However, while this paradigm has been used to achieve a number of intriguing results regarding the knowledge expressed by LMs, they usually rely on prompts that were manually created based on the intuition of the experimenter. These manually created prompts (e.g., “Barack Obama was born in ___ ”) might be sub-optimal because LMs might have learned target knowledge from substantially different contexts (e.g., “The birth place of Barack Obama is Honolulu, Hawaii.”) during their training. Thus it is quite possible that a fact that the LM does know cannot be retrieved due to the prompts not being effective queries for the fact. Thus, existing results are simply a lower bound on the extent of knowledge contained in LMs, and in fact, LMs may be even more knowledgeable than these initial results indicate. In this paper we ask the question: “How can we tighten this lower bound and get a more accurate estimate of the knowledge contained in state-of-the-art LMs?” This is interesting both scientifically, as a probe of the knowledge that LMs contain, and from an engineering perspective, as it will result in higher recall when using LMs as part of a knowledge extraction system.

In particular, we focus on the setting of Petroni et al. (2019) who examine extracting knowledge regarding the relations between entities (definitions in § 2). We propose two automatic methods to systematically improve the breadth and quality of the prompts used to query the existence of a relation (§ 3). Specifically, as shown in Figure 1, these are mining-based methods inspired by previous relation extraction methods (Ravichandran and Hovy, 2002), and paraphrasing-based methods that take a seed prompt (either manually created or automatically mined), and paraphrase it into several other semantically similar expressions. Further, because different prompts may work better when querying for different subject-object pairs, we also investigate lightweight ensemble methods to combine the answers from different prompts together (§ 4).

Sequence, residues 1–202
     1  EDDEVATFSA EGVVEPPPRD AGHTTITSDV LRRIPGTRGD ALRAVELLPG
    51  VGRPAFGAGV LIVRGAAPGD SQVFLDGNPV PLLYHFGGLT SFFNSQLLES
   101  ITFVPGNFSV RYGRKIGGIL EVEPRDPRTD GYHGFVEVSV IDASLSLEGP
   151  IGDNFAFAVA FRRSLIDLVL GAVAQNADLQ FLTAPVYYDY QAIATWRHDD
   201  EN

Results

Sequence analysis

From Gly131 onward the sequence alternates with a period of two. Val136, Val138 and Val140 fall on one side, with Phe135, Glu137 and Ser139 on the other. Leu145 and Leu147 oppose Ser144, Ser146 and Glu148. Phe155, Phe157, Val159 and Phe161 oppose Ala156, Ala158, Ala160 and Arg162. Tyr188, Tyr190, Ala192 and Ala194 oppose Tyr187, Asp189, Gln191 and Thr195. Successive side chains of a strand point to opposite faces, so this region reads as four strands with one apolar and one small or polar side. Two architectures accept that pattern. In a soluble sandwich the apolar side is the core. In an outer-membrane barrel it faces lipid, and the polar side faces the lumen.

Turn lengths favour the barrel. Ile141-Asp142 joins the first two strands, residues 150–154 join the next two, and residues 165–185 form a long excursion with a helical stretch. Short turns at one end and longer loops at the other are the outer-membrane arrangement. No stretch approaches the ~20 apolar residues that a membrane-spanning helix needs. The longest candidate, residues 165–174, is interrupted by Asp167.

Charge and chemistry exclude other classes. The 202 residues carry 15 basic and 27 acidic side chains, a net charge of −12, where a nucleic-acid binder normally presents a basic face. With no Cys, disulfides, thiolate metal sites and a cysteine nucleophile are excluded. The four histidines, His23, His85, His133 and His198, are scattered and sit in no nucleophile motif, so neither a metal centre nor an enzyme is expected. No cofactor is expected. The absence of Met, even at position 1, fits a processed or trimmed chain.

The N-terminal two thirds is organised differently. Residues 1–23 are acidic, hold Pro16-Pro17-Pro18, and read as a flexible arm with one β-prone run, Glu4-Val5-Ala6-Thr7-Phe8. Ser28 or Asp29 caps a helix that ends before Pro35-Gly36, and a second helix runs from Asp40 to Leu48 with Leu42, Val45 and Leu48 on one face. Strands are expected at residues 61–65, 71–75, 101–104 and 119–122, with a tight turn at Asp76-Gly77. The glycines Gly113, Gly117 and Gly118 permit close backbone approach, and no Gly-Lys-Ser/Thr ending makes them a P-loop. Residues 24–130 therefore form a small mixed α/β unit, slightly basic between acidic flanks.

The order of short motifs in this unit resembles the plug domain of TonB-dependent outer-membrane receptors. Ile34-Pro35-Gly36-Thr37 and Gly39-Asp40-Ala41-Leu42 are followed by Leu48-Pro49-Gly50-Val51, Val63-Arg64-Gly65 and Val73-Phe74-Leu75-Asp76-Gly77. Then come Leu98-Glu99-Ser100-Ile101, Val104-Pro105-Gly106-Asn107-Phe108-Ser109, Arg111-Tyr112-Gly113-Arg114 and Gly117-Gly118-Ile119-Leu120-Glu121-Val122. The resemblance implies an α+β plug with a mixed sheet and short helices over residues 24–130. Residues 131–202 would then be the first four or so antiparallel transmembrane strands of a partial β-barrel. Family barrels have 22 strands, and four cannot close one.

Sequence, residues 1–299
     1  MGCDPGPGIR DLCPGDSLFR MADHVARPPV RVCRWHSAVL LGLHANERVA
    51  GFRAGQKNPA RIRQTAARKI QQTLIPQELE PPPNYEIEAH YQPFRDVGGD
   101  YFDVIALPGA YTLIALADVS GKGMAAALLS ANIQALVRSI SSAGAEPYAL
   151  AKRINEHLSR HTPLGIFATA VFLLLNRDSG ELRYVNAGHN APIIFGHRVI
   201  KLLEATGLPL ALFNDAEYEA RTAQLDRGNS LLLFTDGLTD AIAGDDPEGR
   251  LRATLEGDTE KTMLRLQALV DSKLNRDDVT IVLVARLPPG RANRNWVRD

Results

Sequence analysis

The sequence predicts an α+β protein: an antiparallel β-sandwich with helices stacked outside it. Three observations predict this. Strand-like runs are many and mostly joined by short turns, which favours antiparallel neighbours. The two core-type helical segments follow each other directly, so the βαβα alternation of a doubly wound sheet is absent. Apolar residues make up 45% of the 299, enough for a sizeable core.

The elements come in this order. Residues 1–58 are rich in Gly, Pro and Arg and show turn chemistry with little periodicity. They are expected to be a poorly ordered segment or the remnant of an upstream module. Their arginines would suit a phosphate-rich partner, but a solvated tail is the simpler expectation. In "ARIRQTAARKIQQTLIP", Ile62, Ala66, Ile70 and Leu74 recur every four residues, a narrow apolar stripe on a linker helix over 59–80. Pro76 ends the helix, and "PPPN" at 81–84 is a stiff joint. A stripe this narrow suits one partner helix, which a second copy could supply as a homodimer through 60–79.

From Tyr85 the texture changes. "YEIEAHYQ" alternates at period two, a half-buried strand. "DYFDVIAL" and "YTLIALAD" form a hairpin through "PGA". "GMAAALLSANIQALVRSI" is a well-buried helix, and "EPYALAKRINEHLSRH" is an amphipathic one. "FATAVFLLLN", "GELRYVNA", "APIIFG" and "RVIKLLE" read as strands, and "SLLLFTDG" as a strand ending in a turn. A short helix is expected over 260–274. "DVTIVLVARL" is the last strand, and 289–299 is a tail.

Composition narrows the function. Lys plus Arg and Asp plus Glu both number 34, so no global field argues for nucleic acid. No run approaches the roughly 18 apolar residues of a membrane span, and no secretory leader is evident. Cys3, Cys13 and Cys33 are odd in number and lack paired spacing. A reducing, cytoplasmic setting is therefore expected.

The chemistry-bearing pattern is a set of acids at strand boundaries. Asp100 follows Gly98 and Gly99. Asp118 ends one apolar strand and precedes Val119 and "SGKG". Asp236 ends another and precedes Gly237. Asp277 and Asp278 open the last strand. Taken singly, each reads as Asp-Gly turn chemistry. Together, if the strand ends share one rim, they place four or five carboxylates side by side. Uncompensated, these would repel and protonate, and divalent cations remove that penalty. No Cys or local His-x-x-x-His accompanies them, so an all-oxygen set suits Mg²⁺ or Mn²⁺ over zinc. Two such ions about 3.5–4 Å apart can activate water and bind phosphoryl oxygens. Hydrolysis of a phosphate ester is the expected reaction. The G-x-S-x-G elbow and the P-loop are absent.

Figure 1: 

Top-5 predictions and their log probabilities using different prompts (manual, mined, and paraphrased) to query BERT. Correct answer is underlined.

Figure 1: 

Top-5 predictions and their log probabilities using different prompts (manual, mined, and paraphrased) to query BERT. Correct answer is underlined.

We experiment on the LAMA benchmark (Petroni et al., 2019), which is an English-language benchmark devised to test the ability of LMs to retrieve relations between entities (§ 5). We first demonstrate that improved prompts significantly improve accuracy on this task, with the one-best prompt extracted by our method raising accuracy from 31.1% to 34.1% on BERT-base (Devlin et al., 2019), with similar gains being obtained with BERT-large as well. We further demonstrate that using a diversity of prompts through ensembling further improves accuracy to 39.6%. We perform extensive analysis and ablations, gleaning insights both about how to best query the knowledge stored in LMs and about potential directions for incorporating knowledge into LMs themselves. Finally, we have released the resulting LM Prompt And Query Archive (LPAQA) to facilitate future experiments on probing knowledge contained in LMs.

2 Knowledge Retrieval from LMs